OncLive: Are there any steps being taken toward this?
There is no question that what I am describing and advocating for is happening. The extraordinary poster child for that is the approval of a checkpoint inhibitor [pembrolizumab (Keytruda)] based on robust phase II trial data with microsatellite instability-high (MSI-H) tumors, and I applaud the FDA for this. What they have done is extraordinary important for patients.
Obviously, it is my hope that we see many more examples of this in ovarian cancer. For example, MSI-H occurs in 2% of patients with ovarian cancer. It would take 20, 30, or 40 years to do a trial only in ovarian cancer where one looked at this. The response rates in [the FDA approval] were more than 40%, with many of these responses lasting more than 6 months or a year. If a patient has ovarian cancer and their tumor is MSI-H, they now have the potential to benefit from this therapy because of the FDA’s action. The FDA needs to be encouraged for these kinds of events.
OncLive: Other than OS, what other endpoints might be worth exploring?
You can take ORRs, as they are measurable, and the duration of responses in combination with that. One can make a very valid argument that the tumor shrank, but how valuable is that? The duration of response as well as percentage of response could be a composite.
What about a situation where you didn’t have easily measurable disease? This is common in ovarian cancer. There, you might not be able to use measurable response, but you could use time to disease progression or time to stable disease. These are some objectively measured endpoints, but then you will want to combine it with some other parameter.
Again, it could be the patient’s own time to progression on their prior therapy. You can add to that the toxicities, of course, symptoms of the patients—if they subsided. Symptom improvement is critically important, but sometimes the measurement of symptoms is difficult. We talk about quality of life (QoL) and that is very important; however, the QoL related to the improvement of the symptoms versus the QoL related to the toxicities of the therapies, sometimes get mixed. Therefore, in a setting where one tries to be objective and measure, measurement is hard. It is not a question of importance of symptoms or QoL, it’s a question of measuring objectively.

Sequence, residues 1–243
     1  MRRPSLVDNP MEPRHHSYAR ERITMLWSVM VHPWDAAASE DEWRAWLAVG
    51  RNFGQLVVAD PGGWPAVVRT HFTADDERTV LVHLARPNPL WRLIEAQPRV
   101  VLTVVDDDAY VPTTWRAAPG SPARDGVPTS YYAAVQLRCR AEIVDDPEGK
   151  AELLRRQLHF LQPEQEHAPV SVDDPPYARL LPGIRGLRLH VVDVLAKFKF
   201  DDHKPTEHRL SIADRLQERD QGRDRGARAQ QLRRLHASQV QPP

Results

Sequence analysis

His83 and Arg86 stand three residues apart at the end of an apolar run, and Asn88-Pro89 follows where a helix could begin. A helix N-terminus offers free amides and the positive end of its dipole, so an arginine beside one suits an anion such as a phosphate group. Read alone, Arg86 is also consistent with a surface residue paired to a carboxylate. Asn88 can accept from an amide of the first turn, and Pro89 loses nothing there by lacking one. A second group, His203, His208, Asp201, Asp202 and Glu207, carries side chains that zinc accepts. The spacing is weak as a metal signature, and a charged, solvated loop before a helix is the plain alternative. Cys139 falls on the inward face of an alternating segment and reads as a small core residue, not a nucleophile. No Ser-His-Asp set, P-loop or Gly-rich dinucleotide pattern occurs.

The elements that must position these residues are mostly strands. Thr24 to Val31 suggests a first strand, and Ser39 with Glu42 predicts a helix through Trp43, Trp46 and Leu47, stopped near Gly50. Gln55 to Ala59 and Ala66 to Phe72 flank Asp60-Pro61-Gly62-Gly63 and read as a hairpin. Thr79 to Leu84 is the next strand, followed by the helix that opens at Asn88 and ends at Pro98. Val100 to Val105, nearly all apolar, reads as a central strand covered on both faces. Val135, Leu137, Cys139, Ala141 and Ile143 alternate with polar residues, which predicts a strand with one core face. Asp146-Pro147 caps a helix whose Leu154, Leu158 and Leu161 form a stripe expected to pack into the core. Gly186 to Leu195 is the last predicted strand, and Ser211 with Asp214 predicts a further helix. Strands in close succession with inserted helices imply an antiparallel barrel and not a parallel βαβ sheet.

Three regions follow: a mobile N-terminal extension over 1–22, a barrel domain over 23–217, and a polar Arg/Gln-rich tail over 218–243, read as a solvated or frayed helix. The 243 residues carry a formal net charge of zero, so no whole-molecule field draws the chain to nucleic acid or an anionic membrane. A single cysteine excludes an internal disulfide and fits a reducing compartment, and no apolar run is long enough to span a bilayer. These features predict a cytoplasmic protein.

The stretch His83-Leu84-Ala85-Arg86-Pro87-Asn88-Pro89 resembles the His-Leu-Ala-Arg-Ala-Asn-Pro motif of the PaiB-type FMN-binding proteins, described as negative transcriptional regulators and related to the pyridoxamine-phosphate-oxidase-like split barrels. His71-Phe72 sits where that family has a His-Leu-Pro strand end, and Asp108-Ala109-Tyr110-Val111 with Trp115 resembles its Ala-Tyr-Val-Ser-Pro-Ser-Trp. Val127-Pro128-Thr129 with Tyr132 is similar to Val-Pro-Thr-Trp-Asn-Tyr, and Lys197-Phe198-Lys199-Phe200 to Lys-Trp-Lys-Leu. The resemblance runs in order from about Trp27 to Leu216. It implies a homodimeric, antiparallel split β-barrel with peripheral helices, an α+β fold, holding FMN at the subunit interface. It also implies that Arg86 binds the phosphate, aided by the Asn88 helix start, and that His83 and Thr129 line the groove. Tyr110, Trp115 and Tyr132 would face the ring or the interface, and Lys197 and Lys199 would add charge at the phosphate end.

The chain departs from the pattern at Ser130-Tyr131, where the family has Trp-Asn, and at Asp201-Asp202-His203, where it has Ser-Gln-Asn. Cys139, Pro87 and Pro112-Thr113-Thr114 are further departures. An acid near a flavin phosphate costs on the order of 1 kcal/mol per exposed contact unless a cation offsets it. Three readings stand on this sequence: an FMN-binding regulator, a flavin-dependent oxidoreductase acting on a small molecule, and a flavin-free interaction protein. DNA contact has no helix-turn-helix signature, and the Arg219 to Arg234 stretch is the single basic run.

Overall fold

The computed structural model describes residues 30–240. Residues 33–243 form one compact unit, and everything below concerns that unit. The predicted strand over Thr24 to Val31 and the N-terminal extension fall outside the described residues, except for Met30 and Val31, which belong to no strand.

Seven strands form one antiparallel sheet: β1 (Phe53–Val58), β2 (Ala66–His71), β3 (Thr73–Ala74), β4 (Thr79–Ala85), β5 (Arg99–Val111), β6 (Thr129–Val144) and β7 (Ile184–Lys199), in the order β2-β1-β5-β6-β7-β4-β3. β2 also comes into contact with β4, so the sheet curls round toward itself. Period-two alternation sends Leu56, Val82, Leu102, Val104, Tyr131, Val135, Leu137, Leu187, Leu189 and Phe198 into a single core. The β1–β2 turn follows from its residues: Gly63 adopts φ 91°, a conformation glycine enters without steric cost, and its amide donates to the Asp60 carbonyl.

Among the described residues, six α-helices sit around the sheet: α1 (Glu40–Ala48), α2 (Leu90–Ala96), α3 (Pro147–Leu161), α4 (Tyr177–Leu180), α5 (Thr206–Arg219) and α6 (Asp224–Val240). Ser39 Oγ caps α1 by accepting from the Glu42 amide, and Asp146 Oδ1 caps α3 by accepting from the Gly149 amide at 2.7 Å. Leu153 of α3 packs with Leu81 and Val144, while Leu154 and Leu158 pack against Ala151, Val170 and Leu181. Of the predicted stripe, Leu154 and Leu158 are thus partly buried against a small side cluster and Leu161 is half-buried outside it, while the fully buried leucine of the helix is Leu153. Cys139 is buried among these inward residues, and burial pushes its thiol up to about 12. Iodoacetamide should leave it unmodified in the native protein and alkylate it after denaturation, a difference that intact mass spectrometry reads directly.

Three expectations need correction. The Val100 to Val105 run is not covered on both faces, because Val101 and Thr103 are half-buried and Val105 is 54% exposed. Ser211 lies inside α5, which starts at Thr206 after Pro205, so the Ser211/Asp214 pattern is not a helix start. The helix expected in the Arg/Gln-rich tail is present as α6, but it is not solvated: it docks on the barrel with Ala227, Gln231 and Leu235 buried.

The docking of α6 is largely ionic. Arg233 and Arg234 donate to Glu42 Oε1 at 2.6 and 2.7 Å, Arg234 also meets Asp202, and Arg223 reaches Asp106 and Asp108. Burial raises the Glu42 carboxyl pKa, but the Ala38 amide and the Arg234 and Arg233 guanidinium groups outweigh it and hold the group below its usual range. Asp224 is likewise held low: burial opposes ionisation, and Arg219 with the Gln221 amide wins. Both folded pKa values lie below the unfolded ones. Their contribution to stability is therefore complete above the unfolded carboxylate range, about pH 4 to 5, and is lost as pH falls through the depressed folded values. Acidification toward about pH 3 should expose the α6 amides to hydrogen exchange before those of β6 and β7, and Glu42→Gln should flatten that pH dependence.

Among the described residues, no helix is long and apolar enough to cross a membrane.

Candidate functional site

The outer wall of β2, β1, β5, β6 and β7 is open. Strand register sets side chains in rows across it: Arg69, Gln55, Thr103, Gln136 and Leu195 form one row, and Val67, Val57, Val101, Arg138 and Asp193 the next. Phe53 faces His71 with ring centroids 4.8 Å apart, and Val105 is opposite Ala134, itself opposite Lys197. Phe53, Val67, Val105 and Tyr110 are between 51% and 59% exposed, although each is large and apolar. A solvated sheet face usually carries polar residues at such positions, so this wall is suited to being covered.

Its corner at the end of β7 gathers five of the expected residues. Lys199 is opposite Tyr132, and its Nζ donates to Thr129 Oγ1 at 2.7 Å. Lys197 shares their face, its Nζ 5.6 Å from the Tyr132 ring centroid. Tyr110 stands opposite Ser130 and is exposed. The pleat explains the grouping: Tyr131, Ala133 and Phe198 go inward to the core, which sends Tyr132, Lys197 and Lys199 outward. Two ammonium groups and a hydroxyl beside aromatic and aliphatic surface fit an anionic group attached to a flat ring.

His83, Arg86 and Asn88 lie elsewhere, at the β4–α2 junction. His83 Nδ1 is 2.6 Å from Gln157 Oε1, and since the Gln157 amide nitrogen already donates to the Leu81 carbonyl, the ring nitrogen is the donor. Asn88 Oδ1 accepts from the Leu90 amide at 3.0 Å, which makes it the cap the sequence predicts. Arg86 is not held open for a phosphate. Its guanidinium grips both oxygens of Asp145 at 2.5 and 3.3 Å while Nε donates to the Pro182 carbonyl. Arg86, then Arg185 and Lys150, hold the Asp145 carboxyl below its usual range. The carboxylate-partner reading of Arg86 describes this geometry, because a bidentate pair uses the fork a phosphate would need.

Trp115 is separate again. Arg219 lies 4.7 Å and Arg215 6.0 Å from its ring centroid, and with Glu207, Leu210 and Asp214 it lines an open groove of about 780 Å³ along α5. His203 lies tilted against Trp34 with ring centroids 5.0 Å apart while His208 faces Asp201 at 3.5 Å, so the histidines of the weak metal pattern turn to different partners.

My concern is not rigorous research or measurable outcomes; it is the classic reliance on phase III randomized trials. These have done as well in the past, but we must come up with other ways to measure benefit so we can take the enormous knowledge that we are gaining and convert that into therapies of benefit.
OncLive: Is there anything happening in ovarian cancer that is resembling this?
There are a lot of trials ongoing. We are seeing basket trials, which are one of the very exciting strategies that are ongoing. These include different drugs for varying tumor types. For example, ASCO’s TAPUR trial is an extraordinary trial; in fact, it is a paradigm-changing trial. A patient with ovarian cancer could be on that trial if they had a particular mutation and they would be included in that basket. If it turns out that a particular target with a particular drug meets satisfaction, hopefully, there will be an approval and ovarian cancer will potentially be included in that. This is similar to what happened with MSI-H and checkpoint inhibitors.
We have to figure out this trial issue, we have to learn how to do trials, gather information, and decide whether these strategies are of value or not. There are opportunities today in terms of understanding the biology; there are hundreds of drugs out there and we have to test them and find their impact.